Wall-paint colours in the community rooms, and the bright hues of the bathroom wall tiles, derive from the colour-coded linework demarcating playing courts on the gym floor: red, half-court basketball; orange, full-court basketball; black, volleyball; blue and green, pickleball.
The brightly coloured sports floor of the gymnasium with its line markings stands in stark contrast to the whitewashed walls and ceiling. The layered linework demonstrates the utility designed into this reconfigurable space.
Motorized room dividers can separate the sports courts from the running track and further subdivide the gym into smaller half-court spaces. The perforated mesh dividers maintain transparency through the main gym space and allow for users to complete laps around the track while viewing games on the playing courts.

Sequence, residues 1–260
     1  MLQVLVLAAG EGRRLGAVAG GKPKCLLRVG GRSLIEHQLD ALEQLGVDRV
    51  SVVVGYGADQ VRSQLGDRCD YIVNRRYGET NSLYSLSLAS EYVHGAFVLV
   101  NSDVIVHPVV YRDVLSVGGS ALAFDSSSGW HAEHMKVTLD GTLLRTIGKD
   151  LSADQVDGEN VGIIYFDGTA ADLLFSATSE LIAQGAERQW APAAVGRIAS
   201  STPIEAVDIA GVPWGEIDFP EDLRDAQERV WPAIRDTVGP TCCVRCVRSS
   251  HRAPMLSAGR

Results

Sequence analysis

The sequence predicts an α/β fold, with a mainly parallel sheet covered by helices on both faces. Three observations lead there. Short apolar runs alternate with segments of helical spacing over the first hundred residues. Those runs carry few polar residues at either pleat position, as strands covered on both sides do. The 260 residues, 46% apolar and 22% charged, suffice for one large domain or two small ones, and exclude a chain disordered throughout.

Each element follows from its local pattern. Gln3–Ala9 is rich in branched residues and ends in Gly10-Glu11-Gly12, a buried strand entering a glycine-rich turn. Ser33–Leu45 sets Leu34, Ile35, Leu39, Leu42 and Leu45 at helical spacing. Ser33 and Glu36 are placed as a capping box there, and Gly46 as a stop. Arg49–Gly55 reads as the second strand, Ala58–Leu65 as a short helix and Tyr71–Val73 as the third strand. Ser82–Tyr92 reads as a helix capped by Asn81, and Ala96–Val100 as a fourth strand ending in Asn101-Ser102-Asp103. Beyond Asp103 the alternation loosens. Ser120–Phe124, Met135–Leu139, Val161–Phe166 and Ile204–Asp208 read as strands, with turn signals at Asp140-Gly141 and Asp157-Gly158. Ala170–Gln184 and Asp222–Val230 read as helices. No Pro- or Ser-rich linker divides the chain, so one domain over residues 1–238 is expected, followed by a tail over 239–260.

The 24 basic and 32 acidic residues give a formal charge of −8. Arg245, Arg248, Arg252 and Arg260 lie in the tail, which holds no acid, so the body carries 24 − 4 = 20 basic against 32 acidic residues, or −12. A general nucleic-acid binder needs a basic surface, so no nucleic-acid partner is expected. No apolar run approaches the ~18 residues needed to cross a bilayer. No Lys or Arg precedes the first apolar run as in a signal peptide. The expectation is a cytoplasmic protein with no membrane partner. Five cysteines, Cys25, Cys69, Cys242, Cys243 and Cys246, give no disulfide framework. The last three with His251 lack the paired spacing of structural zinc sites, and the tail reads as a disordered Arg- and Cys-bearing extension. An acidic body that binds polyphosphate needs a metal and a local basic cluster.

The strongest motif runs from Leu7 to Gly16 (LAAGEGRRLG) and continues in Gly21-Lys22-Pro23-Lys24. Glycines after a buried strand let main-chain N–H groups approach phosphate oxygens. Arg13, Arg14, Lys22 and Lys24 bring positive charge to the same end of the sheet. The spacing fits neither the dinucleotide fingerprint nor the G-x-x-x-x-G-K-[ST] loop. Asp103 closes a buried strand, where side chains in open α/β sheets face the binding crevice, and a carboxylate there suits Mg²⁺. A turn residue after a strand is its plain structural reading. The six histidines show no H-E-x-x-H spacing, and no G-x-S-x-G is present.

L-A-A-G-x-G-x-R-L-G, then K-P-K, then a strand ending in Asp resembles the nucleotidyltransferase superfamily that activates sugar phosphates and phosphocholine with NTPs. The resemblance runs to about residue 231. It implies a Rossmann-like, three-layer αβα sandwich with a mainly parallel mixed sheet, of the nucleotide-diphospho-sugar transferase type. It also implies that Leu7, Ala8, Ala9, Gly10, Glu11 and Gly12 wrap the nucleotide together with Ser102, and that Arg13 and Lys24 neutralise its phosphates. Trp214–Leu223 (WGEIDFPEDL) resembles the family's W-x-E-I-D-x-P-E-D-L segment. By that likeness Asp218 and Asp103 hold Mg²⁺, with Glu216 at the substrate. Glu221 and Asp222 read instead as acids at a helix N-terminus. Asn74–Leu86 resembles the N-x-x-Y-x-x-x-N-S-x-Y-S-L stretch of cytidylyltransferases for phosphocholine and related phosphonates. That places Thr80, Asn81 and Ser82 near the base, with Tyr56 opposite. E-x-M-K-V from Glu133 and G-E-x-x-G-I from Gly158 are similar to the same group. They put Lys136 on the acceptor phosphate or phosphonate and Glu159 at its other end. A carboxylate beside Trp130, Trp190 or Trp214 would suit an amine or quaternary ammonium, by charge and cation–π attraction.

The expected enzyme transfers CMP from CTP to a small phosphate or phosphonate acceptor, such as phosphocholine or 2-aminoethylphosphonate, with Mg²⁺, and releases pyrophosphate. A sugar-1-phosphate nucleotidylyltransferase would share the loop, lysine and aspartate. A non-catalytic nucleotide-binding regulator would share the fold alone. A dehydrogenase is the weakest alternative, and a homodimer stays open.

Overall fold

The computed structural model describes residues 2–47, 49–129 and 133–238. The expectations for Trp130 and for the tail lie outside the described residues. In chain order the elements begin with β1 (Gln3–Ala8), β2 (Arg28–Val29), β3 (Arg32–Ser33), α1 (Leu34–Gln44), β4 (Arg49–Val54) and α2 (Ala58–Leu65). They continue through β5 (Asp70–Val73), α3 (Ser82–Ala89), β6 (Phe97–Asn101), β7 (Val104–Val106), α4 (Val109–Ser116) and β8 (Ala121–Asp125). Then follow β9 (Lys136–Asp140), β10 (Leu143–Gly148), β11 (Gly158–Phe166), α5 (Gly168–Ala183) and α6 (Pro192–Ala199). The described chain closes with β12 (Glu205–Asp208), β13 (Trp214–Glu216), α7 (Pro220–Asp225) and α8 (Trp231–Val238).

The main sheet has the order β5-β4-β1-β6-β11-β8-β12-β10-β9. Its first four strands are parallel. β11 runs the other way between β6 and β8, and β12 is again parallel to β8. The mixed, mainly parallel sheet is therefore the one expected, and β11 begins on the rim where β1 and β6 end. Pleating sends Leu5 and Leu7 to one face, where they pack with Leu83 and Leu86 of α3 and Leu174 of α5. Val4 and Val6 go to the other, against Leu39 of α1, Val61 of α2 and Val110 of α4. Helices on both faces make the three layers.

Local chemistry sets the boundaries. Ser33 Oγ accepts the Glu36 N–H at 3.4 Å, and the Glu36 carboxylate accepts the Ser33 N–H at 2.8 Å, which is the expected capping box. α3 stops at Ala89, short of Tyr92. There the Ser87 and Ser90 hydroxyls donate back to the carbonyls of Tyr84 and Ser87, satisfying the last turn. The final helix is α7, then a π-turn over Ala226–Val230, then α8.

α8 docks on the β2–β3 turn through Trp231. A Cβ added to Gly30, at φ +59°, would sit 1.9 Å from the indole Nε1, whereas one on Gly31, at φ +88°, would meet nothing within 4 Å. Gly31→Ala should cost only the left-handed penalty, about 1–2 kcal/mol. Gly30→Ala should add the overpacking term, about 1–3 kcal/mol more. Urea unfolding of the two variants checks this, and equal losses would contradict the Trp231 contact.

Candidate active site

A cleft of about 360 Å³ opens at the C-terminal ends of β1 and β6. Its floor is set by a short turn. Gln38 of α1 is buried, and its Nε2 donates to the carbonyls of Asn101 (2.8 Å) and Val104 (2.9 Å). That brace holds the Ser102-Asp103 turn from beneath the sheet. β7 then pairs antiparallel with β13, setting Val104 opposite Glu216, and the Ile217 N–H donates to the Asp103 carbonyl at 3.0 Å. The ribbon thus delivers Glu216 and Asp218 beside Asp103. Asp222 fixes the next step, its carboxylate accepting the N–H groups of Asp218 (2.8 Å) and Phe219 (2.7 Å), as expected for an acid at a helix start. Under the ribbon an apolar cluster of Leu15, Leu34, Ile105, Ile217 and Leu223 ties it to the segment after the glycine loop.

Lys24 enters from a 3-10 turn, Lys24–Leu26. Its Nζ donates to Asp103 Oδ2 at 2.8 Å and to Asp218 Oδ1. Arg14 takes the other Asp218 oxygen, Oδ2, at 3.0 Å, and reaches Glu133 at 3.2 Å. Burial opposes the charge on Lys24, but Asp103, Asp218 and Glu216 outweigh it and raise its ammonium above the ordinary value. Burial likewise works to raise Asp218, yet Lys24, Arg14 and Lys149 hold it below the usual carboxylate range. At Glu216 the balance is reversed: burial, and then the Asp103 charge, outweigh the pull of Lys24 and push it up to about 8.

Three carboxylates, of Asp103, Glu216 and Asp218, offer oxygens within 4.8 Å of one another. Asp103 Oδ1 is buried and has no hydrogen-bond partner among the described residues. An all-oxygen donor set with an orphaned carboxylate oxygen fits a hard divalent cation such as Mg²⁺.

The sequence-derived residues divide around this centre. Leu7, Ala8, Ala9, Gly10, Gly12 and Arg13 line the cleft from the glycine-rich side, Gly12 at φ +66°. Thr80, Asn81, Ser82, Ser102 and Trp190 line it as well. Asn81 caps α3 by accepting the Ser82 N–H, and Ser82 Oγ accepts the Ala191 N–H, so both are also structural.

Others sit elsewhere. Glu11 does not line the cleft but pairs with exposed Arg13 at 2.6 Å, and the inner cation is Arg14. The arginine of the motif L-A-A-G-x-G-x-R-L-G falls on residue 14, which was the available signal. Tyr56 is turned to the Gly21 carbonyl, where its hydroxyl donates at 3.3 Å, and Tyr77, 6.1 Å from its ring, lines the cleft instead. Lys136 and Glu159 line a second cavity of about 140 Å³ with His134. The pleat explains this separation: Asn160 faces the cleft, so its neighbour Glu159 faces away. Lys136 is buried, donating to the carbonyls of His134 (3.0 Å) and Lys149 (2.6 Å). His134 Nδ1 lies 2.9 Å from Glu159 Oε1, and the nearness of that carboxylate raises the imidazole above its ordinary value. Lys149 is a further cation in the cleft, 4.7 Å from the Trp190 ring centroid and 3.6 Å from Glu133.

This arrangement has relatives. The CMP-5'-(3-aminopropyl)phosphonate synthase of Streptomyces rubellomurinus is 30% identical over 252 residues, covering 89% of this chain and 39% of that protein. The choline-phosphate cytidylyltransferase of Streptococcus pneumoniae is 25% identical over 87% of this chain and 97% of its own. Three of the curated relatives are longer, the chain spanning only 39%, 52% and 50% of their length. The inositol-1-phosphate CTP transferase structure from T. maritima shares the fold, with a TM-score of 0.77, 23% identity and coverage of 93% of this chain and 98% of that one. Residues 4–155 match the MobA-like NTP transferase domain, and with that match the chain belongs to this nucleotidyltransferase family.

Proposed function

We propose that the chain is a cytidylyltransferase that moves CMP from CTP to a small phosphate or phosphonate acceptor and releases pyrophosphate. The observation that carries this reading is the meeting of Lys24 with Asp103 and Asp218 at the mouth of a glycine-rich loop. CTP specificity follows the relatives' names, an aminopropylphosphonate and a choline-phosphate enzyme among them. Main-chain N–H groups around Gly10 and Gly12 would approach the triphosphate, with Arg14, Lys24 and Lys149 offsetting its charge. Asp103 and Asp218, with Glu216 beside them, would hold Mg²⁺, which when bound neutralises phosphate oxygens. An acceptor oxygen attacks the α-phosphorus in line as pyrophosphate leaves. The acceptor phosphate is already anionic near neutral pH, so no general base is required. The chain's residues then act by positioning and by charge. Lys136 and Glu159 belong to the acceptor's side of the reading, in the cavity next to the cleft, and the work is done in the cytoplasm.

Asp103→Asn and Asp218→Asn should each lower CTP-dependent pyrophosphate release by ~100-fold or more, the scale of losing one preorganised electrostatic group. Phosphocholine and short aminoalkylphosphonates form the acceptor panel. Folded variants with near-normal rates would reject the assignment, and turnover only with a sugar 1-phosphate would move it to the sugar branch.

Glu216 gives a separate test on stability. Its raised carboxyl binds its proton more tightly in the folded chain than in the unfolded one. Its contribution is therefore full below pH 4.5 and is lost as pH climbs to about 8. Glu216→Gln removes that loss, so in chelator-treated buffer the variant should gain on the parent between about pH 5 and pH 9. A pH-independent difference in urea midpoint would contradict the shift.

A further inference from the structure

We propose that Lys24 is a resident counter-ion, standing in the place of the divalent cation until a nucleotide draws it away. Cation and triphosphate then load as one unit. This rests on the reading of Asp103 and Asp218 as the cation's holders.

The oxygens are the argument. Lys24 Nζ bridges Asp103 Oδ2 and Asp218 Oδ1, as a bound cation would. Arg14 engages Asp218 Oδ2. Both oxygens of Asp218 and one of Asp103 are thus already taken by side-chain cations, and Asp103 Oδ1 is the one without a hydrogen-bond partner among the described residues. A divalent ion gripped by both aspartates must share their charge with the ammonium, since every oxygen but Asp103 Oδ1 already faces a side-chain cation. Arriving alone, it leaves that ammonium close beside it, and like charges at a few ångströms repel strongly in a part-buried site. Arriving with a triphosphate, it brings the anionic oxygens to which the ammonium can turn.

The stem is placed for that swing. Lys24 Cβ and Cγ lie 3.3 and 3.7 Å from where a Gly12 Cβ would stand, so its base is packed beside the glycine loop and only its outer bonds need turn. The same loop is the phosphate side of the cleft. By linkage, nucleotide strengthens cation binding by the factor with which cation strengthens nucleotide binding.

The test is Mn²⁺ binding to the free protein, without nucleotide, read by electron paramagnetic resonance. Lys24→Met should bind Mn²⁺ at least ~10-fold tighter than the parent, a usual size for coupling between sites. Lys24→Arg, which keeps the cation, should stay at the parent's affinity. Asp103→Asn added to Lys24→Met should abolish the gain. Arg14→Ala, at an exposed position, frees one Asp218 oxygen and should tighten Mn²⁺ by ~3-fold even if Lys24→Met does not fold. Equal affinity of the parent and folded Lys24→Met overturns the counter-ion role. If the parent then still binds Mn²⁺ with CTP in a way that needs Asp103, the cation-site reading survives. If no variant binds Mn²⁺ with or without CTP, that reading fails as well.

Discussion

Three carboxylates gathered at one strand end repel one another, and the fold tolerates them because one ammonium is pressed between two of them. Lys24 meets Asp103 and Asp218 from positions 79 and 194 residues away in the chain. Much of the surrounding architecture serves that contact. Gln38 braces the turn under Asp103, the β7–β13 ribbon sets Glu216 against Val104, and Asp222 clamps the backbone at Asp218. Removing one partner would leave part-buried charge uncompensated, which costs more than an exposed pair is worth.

The multipurpose room is equipped with a roof-mounted exhaust system for smudging ceremonies such as the one that took place during the opening event, when Chief R. Donald Maracle of Tyendinaga showed his appreciation of the room’s paint colour. Orange, it happens, stands for reconciliation and, as he explained, “the healing that our people need to have from the effects of colonialism.”
Partnerships with local community groups will ensure the program spaces are well used. The YMCA sponsored and manages the fitness studio. The space is outfitted with a full complement of workout equipment including cardio machines, free weights and a cross-fit rig. The community kitchen was designed in consultation with a local nonprofit group advocating improved access to healthy affordable food. The teaching kitchen features a universally accessible commercial kitchen.
As its oversize columns suggest, KECC meets the heightened seismic and structural requirements of a post-disaster facility, enabling it to act as a haven for the community. As well as being flood-, tornado- and earthquake-proof, the building is also “future-proof.” An elevator pit concealed under one of the bathrooms will serve a new second storey, should the city decide to expand the facility.